The kanji for "zei," meaning tax, was picked as the Chinese character most representative of the social mood in Japan this year, a Kyoto-based organization said Tuesday.

Initiatives by Prime Minister Fumio Kishida's government, including proposed tax cuts to help households struggling with high inflation and the introduction of a new invoice system that means freelancers and the self-employed may have to shoulder higher tax burdens, were cited as reasons for the selection.

Seihan Mori, chief Buddhist priest of Kiyomizu temple in Kyoto, writes the kanji character "zei," meaning tax, with a calligraphy brush on Dec. 12, 2023. The character was selected as the best single kanji to symbolize the national mood for the year as tax-related issues hit headlines, including the government's temporary income tax cut of 40,000 yen per person planned next fiscal year. (Kyodo) ==Kyodo

The decision in the 29th annual poll run by the Japan Kanji Aptitude Testing Foundation was based on votes cast by the general public.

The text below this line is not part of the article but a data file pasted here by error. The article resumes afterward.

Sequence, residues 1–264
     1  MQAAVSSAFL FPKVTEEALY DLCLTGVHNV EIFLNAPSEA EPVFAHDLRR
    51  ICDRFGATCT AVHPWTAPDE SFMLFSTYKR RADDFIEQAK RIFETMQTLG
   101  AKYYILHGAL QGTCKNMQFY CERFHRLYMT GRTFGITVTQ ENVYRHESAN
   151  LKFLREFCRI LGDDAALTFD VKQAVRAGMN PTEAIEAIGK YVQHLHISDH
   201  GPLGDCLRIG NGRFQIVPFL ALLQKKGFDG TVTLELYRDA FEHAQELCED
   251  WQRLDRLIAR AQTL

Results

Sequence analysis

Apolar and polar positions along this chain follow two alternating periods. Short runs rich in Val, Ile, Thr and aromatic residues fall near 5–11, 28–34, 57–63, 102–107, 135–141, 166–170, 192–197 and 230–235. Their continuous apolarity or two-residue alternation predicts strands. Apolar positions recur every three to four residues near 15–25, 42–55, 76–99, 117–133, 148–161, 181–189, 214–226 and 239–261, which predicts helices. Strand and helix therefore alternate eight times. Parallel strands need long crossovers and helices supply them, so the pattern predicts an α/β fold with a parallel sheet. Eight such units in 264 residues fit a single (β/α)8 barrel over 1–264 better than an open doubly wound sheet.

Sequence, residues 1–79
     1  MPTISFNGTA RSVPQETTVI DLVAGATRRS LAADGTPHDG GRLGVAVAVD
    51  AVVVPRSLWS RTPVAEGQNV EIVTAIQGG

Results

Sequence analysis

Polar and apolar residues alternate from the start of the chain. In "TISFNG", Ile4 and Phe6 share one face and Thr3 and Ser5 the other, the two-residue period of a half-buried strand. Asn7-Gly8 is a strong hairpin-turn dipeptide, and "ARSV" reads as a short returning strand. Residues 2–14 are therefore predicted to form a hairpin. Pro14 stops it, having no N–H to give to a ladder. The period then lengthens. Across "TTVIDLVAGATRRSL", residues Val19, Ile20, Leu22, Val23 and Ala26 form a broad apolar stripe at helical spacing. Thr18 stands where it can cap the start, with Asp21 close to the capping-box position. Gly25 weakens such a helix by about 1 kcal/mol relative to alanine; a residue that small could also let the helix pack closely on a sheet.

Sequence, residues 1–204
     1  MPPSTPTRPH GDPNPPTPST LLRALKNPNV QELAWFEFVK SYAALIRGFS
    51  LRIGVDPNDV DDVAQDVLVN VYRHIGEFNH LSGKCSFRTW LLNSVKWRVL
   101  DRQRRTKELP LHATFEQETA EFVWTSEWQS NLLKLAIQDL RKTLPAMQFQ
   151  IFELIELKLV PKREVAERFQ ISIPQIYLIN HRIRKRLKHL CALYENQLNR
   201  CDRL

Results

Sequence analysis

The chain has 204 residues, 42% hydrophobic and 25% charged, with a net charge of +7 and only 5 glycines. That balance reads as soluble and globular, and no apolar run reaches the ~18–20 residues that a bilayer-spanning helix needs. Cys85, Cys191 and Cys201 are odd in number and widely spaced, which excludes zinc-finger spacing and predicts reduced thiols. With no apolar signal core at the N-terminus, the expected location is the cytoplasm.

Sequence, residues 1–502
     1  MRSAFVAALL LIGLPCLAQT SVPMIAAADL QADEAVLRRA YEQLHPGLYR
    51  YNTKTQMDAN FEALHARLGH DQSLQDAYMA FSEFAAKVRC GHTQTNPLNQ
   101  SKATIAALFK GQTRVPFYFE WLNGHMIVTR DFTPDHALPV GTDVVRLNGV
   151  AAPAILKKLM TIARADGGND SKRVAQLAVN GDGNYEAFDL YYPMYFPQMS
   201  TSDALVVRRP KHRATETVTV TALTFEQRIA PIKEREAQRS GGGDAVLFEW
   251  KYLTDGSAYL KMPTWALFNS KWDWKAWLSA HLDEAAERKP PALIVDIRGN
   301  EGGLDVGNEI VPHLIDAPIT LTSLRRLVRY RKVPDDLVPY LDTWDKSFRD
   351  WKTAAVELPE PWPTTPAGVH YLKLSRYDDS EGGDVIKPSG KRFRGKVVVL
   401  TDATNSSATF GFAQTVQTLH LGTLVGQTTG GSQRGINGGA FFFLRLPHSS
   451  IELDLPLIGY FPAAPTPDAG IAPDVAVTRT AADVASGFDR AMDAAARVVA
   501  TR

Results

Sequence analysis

The kanji was written with a giant calligraphy brush on a roughly 1.5-meter-high, 1.3-m-wide "washi," a special kind of Japanese paper, by chief Buddhist priest Seihan Mori of the renowned Kiyomizu temple in Kyoto.

"I feel as though Japanese people are watching the tax situation seriously," Mori said.

It is the second time the kanji for tax has been chosen since 2014.

Running in second place was the kanji for "sho," meaning heat, amid record-breaking heat waves in Japan earlier in the year, while the character for "sen," meaning war or battle, was voted in third place amid the conflict in the Gaza Strip and Russia's ongoing war against Ukraine.

The kanji for "sen" was the top choice last year in light of Moscow's invasion of its Eastern European neighbor, as well as the heated contests at the football World Cup held in Qatar.

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